Tillerson warns US not ‘better prepared’ for new Russian election meddling

Secretary of State Rex Tillerson said Tuesday that Russia is already trying to influence the U.S. midterm election, warning that it will be difficult for the United States to "preempt" it.

In an interview with Fox News from Bogotá, Colombia, where he met with Colombian President Juan Manuel Santos, Tillerson said Russia was gearing up to meddle with the 2018 U.S. elections following the playbook it used in 2016.

Saying Russia has "a lot of different tools" at its disposal, he said:

"I don't know that I would say we are better prepared, because the Russians will adapt, as well. The point is, if it's their intention to interfere, they are going to find ways to do that. We can take steps, but this is something that, once they decide they are going to do it, it's very difficult to preempt it."

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Exxon Mobil Corporation Chairman and Chief Executive Rex Tillerson speaks at a news conference following the Exxon Mobil annual shareholders meeting in Dallas, Texas May 30, 2007. Tillerson told reporters on Wednesday that the construction of the Mackenzie pipeline project in Canada was not viable at current cost levels.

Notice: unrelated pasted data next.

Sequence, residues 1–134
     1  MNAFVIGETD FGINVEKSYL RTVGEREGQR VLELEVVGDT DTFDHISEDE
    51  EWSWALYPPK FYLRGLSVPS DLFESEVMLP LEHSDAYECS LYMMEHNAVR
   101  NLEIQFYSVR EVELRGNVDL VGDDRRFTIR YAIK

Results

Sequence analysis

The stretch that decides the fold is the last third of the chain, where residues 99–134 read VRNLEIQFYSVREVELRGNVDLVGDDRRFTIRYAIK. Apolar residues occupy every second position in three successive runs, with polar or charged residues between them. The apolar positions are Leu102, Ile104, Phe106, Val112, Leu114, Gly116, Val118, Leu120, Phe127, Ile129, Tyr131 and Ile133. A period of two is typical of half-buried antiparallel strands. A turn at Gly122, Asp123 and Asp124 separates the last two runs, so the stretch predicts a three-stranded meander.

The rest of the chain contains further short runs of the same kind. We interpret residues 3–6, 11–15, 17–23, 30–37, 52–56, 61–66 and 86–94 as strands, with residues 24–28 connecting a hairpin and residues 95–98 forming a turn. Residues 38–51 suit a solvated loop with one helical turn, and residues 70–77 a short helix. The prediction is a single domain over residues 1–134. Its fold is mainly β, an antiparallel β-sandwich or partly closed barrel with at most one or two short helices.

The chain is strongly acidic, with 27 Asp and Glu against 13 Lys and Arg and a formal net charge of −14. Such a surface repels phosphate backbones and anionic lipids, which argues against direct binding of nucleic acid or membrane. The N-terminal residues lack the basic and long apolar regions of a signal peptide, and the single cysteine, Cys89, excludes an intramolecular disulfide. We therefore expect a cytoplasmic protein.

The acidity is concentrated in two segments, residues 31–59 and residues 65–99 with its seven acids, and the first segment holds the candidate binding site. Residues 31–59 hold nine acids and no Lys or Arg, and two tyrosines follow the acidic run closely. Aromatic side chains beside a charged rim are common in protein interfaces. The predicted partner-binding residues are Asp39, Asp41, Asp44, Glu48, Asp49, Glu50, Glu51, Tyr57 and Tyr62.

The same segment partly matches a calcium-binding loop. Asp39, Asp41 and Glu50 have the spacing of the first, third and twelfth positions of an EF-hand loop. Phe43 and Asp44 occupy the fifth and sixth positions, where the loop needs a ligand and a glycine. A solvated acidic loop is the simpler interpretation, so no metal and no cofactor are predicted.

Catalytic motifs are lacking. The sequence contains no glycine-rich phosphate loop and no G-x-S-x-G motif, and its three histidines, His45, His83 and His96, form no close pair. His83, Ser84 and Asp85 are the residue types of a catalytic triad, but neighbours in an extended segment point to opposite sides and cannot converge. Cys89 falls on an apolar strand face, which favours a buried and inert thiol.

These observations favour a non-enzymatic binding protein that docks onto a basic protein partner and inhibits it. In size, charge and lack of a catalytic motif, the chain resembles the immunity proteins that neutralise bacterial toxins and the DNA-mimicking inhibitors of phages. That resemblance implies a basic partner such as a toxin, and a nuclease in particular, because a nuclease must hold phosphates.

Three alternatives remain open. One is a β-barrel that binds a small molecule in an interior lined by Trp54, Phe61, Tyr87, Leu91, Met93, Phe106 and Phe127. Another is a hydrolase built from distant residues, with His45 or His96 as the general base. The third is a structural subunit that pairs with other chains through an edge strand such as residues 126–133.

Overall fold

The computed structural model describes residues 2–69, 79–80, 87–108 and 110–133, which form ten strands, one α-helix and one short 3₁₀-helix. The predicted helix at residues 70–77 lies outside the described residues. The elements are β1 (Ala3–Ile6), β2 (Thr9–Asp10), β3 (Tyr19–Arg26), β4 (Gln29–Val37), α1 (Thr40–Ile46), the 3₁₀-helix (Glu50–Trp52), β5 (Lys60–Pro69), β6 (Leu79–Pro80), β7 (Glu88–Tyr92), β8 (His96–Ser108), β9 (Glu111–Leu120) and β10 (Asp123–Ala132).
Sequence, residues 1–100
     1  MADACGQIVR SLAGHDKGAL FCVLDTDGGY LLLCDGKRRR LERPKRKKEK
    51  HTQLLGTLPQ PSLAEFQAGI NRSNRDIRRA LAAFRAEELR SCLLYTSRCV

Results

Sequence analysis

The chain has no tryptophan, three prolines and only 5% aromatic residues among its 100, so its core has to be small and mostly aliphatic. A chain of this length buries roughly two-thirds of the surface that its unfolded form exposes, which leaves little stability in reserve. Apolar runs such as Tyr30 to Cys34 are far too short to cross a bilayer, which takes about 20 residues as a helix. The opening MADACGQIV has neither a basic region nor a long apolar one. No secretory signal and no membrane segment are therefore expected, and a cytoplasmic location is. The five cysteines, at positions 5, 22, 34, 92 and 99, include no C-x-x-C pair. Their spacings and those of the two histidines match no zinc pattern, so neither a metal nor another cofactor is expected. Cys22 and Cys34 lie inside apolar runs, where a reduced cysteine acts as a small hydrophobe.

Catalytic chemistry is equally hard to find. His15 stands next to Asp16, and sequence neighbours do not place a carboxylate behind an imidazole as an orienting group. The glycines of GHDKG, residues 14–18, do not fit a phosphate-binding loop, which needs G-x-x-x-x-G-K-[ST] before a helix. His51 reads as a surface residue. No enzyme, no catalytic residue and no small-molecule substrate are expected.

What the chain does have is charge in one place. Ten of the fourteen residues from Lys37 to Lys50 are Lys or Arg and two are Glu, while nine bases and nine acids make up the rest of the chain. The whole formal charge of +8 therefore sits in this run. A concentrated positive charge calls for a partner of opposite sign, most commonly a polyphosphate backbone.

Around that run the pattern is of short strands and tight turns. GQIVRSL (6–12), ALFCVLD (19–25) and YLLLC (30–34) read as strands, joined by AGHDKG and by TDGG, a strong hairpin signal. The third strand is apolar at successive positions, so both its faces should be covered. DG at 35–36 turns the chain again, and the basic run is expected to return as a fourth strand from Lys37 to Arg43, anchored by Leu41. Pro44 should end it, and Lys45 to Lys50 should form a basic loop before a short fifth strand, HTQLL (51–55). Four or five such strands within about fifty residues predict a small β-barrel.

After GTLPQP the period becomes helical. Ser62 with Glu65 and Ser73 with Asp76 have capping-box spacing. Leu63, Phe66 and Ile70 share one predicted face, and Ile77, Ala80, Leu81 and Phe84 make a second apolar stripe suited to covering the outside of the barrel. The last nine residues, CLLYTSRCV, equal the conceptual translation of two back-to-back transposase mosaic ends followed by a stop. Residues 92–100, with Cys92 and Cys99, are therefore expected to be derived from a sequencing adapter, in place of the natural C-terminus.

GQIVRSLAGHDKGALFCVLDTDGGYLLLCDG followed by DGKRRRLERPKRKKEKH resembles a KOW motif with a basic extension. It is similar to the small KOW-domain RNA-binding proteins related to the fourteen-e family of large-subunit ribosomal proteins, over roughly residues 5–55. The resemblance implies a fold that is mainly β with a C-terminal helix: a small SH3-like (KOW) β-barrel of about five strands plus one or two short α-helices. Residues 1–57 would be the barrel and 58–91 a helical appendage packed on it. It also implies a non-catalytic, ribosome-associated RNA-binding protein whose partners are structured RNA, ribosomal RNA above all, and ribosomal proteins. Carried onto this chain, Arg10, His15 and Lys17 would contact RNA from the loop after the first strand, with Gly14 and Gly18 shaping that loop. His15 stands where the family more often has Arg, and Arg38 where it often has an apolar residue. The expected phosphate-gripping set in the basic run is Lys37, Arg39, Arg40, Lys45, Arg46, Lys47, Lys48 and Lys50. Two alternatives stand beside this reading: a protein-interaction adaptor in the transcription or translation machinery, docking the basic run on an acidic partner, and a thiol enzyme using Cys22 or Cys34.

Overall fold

(REUTERS/Mike Stone)

Russian Prime Minister Vladimir Putin (R) and Exxon CEO Rex Tillerson look on at a signing ceremony in the Black Sea resort of Sochi August 30, 2011. Exxon and Russia's Rosneft signed a deal on Tuesday to develop oil and gas reserves in the Russian Arctic, opening up one of the last unconquered drilling frontiers to the global industry No.1.

(REUTERS/Alexsey Druginyn/RIA Novosti/Pool)

Executives from six major oil companies are sworn in to testify at a U.S. Senate Judiciary Committee on the "Consolidation in the Oil and Gas Industry: Raising Prices?" on Capitol Hill in Washington March 14, 2006. The executives are (L-R) Rex Tillerson, Chairman and CEO of ExxonMobil Corp., James Mulva, Chairman and CEO of ConocoPhillips, David O'Reilly, Chairman and CEO of Chevron Corp., Bill Klesse, CEO of Valero Energy Corp., John Hofmeister, President of Shell Oil Company and Ross Pillari, President and CEO of BP America Inc.

(Jason Reed / Reuters)

ExxonMobil Chairman and CEO Rex Tillerson speaks during the IHS CERAWeek 2015 energy conference in Houston, Texas April 21, 2015.

(REUTERS/Daniel Kramer/File Photo)

Chairman, President and CEO of Exxon Mobil Corporation Rex Tillerson watches a tee shot on the 13th hole during the first round of the Pebble Beach National Pro-Am golf tournament at the Monterey Peninsula Country Club course in Pebble Beach, California, February 6, 2014.